|Jane Barker of the Turning Point Suffrage Memorial|
and the restored portrait of Inez Milholland Boissevain,
Sewall-Belmont House, 2011. Photo © by JT Marlin.
It was little noted in New York City five years ago on its centennial, despite the day having been born and reborn here. I posted something about it on Huffington Post.
In 1908 on this day, 15,000 women marched down Fifth Avenue in support of working women. Many of their goals were advanced by the largely successful 13-week shirtwaist workers' strike of 1909.
Inez Milholland was deeply involved in assisting strikers as a first-year law student at NYU.
The owners of one factory never settled their strike–the Triangle factory, where the tragic fire of March 25, 1911 occurred. The fire did not result in punishment of the criminally negligent factory owners, but it provided the emotional inspiration for:
- The suffrage parade in New York City in 1912,
- The Washington parade in 1913.
- The picketing of the White House in 1917, which led directly to woman suffrage in 1920.
Inez Milholland had a part in all three of these events, which turned around public opinion on the issue of woman suffrage. She led on horseback the parades in 1912 and 1913, and her death in 1916 was the inspiration for the confrontation between the National Woman's Party and President Wilson that in turn instigated the White House picketing and the imprisonment of picketers.
Today, despite the 95-year-old victory of the suffragists and the fact that young women are now better educated than men, working women are still trailing men in pay.
New York Origins of Women's Day
Descriptions of a Women's Day go back to March 8, 1857, when needle workers in New York City reportedly demonstrated for higher wages, a reduction in the workday from 12 to 10 hours, and no uncompensated work. Their protest was reportedly dispersed by shots from an army unit and by the arrest of 70 workers.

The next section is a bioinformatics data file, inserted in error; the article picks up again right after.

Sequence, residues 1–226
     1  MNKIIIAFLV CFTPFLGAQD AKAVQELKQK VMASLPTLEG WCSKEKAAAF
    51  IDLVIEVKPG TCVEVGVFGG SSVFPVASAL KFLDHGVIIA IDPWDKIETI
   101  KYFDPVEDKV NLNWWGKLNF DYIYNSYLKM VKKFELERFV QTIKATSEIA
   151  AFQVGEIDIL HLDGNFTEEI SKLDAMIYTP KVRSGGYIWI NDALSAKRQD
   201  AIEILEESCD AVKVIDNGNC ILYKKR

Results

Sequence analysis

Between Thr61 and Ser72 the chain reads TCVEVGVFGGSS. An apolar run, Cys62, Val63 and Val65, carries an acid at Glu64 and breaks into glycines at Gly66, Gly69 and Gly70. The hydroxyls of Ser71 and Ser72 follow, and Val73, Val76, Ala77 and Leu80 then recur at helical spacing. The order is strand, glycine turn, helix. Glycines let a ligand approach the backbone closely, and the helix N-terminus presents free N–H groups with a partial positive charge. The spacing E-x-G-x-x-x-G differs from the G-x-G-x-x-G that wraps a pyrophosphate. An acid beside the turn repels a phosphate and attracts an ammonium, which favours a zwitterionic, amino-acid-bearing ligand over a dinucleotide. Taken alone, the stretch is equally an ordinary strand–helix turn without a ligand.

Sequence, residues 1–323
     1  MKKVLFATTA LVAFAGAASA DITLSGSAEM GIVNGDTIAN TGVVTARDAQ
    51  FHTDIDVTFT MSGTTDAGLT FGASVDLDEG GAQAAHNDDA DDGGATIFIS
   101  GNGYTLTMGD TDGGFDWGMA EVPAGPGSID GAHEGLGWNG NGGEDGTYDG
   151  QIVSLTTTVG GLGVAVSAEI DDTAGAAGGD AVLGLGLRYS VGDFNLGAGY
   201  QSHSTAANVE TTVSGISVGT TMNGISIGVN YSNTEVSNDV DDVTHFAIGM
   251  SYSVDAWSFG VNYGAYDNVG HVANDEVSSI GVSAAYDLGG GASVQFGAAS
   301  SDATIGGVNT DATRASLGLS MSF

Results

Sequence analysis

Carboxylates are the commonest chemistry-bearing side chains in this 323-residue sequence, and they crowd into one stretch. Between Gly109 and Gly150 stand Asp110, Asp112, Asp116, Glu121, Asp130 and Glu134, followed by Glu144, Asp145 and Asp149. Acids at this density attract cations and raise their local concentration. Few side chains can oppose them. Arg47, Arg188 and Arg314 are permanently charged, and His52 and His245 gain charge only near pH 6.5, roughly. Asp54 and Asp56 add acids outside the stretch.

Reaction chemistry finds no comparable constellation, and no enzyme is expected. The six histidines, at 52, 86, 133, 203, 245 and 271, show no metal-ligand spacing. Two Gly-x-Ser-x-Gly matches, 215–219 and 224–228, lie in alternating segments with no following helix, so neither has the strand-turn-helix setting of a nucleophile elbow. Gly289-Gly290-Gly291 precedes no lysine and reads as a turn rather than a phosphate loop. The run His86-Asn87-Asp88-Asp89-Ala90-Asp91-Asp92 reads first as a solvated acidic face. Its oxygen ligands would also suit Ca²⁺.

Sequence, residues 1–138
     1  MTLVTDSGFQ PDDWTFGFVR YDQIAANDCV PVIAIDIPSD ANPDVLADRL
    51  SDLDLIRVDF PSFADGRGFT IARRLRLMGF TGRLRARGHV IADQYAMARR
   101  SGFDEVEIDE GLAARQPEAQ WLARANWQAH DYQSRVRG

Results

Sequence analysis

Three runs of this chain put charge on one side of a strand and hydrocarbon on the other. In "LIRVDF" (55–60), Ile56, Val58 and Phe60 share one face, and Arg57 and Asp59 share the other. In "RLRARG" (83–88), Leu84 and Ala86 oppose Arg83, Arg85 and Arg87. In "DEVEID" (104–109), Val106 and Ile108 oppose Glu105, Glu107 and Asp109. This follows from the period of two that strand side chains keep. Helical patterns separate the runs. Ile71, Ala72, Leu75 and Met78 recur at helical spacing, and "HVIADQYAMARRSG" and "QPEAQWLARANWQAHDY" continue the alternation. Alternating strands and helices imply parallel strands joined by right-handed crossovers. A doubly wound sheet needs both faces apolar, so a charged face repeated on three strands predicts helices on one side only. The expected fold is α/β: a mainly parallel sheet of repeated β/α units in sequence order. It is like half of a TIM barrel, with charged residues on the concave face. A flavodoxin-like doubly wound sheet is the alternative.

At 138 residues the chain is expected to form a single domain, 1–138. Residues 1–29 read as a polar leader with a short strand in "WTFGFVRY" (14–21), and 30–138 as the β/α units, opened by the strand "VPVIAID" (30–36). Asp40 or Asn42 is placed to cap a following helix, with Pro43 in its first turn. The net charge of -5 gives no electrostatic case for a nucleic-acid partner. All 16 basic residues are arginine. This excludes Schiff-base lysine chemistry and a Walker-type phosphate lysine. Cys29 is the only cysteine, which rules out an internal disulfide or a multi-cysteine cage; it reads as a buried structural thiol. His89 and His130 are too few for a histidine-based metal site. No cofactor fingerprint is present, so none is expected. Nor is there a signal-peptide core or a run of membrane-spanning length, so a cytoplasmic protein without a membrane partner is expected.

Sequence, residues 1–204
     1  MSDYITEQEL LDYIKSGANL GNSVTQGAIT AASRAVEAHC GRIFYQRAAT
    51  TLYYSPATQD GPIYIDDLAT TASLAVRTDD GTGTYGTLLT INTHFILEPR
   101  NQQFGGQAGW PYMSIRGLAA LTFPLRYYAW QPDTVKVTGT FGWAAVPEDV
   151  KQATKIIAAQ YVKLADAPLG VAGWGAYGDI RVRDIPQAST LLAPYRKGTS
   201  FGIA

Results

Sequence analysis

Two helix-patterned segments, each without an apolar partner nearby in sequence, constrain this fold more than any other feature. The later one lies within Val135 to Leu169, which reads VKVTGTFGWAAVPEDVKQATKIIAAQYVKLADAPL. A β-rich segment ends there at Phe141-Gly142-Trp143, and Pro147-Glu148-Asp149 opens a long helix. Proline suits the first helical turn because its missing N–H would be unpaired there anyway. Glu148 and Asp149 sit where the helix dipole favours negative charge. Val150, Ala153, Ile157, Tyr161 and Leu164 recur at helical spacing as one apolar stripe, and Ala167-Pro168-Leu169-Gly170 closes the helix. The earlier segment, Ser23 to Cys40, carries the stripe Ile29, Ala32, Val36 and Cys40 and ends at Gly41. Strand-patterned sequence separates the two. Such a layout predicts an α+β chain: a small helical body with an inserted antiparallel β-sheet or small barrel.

Two key woman suffrage leaders of the second half of the 19th century–Elizabeth Cady Stanton and Susan B. Anthony–failed to obtain votes for women and died disappointed in 1902 and 1906. Their leadership torches were picked up by a new generation of brave women leaders who succeeded in their goal. One of them was Inez Milholland.
The year Susan B. died, the International Ladies Garment Workers' Union was founded. Needle workers in New York protested on March 8, 1908 under the auspices of Branch No. 3 of the New York City Social Democratic Women's Society. Women marched down Manhattan for better pay and a shorter workday–and in addition they called for woman suffrage and better protection against child labor.
In 1908 and 1909, the needle workers benefited from the support of wealthy women like Alva Vanderbilt Belmont and Anne Morgan, and also from a large contingent of volunteers from women's colleges like Bryn Mawr and Vassar. Inez Milholland was one of the most visible of these women in 1908, when she was a junior at Vassar College.
She signed up two-thirds of Vassar students in a suffrage organization. She was forbidden to hold a suffrage meeting on the Vassar campus, so she scheduled it across the road at Poughkeepsie's Calvary cemetery in June 1908. Vassar's President Monroe Taylor had threatened to expel anyone who attended, but faculty and alumnae showed up along with 40 students and he thought better of expulsion.